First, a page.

The San Antonio Express-News reports…
“Not many atheists spend their Sunday mornings at a Texas megachurch as the guest of honor.
And not many megachurches would extend the invitation — especially if the atheist wrote a book called “I Sold My Soul on eBay.”
But at Oak Hills Church in San Antonio, senior minister Randy Frazee saw an opportunity to challenge his congregation by inviting Hemant Mehta, a self-described “friendly atheist” from Chicago, to speak with Frazee in front of thousands of Christians.
At four church services over the weekend that attracted about 8,000 people, the preacher and the atheist casually talked and laughed on the brightly lit stage at Oak Hills. Online videos of their talks were posted on the church’s website, which crashed Sunday morning from the demand of so many people trying to watch.
Clean-cut and courteous, Mehta could easily be mistaken for a church youth-group leader.
“Is there anything — anything — that might change your mind?” Frazee asked Mehta at one point.
“Unless I experience a miracle that I just can’t explain, unless something happens to me, I really don’t think I’m going to hear anything that’s going to change my mind,” the skeptic replied.
Frazee acknowledged such talk might make some in the congregation uncomfortable.
“We know we’re going to get push-back, and we’re OK with that,” Frazee said during a break between church services Sunday morning.
Mehta doubts the existence of God, Frazee said, yet he has much to teach any Christian about the importance of openly scrutinizing beliefs, asking tough questions and trying to live a virtuous life.
Many atheists are former Christians who wrestled with doubt, but they felt like their churches weren’t safe places to ask uncomfortable questions, Frazee said. So they simply abandoned their churches.
On Sunday, a few members of the congregation at Oak Hills didn’t want to listen to a nonbeliever and they left before Mehta was introduced, Frazee said. But most of the feedback was overwhelmingly positive. “I think it was healthy,” said church member Jim Robbins. Mehta’s words struck a chord with him because one of Robbins’ sons had been an atheist for many years. “I don’t have a problem with people asking questions.”
Mehta said he had no misgivings about coming to Oak Hills. He’s known Frazee for years and knew the minister wanted to have an open conversation about God and Christianity — not a debate.
“It’s not about scoring points,” said Mehta, a 30-year-old math teacher. “I wish more churches would do this.”
Mehta was raised in the Jain faith, an Indian religion that extols nonviolence. As he grew older, he started asking basic questions about religion and why bad things happen to good people. He became an atheist at the age of 14. In college, Mehta met many atheist friends who had left Christianity. Mehta was curious about Christianity, but he didn’t want to learn about it secondhand — he wanted to see it for himself.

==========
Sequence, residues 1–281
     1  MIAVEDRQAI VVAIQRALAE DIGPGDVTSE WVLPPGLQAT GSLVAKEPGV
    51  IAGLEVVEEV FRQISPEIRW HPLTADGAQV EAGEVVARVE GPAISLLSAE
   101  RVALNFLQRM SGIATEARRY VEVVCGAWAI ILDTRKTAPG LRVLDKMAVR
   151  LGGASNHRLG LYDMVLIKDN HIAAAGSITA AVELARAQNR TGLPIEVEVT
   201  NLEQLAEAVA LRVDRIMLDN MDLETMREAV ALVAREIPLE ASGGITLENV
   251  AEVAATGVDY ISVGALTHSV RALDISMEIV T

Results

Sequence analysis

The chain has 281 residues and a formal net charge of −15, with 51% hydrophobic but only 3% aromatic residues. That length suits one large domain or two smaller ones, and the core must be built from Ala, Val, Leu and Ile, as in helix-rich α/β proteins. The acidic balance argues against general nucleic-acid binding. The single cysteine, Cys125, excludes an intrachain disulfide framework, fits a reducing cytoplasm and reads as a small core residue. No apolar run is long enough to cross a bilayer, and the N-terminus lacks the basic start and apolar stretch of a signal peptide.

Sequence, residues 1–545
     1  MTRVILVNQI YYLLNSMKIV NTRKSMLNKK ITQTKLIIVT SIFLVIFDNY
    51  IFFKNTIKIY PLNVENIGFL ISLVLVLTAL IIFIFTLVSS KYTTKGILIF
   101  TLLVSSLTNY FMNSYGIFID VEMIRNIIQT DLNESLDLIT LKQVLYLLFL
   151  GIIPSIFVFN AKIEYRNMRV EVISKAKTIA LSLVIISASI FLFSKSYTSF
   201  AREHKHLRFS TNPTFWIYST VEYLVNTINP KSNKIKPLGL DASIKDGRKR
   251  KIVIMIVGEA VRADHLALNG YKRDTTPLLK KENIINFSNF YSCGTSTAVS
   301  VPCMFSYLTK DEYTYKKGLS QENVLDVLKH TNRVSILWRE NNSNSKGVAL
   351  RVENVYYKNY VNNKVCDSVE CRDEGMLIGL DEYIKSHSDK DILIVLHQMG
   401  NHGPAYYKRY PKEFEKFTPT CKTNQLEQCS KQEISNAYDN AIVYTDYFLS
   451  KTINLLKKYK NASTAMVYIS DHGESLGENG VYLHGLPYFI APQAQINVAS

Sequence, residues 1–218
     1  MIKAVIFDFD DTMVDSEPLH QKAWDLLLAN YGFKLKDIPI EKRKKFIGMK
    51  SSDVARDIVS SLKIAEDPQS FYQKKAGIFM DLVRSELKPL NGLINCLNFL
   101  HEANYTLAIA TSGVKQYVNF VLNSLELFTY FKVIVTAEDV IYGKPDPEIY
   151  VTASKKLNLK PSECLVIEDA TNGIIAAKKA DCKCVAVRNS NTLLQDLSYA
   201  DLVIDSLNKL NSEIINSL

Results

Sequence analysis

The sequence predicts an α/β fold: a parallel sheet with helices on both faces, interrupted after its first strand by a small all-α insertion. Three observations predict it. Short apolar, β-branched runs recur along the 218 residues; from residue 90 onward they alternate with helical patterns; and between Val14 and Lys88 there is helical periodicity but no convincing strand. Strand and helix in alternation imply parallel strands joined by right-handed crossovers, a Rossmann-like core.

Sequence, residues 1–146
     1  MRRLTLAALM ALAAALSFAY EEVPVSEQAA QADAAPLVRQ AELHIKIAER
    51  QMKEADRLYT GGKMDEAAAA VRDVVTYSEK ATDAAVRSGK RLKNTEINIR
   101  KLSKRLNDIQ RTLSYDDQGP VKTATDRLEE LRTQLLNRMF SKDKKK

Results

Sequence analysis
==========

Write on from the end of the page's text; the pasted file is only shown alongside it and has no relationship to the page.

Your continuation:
So Mehta posted an auction on eBay, offering to visit the church of the winner’s choice once for every $10 raised. The unusual sale started a price war between Christians who wanted Mehta to visit their church and atheists who didn’t want Mehta to attend any church at all.
By the time the auction ended on Feb. 3, 2006, a minister named Jim Henderson had made the winning bid of $504. Henderson asked Mehta to attend a variety of churches and blog about what they did right and what they did wrong.
One of the churches Mehta critiqued was Willow Creek Community Church in Chicago, where Frazee was preaching at the time, and the two men became friends. Mehta’s blog posts eventually grew into a book: “I Sold My Soul on eBay: Viewing Faith Through an Atheist’s Eyes.”
While Willow Creek was one of Mehta’s favorite churches, he didn’t like what many pastors had to say about nonbelievers — that they were immoral and needed God to be good. These were the very people churches were trying to bring to the fold.
“What I heard was pushing me away,” Mehta said. “It seemed to me these pastors hadn’t even talked to atheists.”
What happens, Frazee asked, if at the end of Mehta’s life, he suddenly realizes he was wrong about God?
“If I am wrong, I tried,” Mehta said. He challenged himself, tried to go where the facts took him and kept an open mind. He would hope God would respect his effort to find the truth.
Frazee encouraged his congregation to follow the friendly atheist’s inquisitive journey. It’s OK to doubt, he said. The deep questions Mehta wrestled with are the same questions many Christians are asking themselves privately — especially skeptical teenagers.
“They start asking questions,” Frazee said. “And if your home, or this church, is a place where we don’t allow that to happen, we’re going to lose our kids.”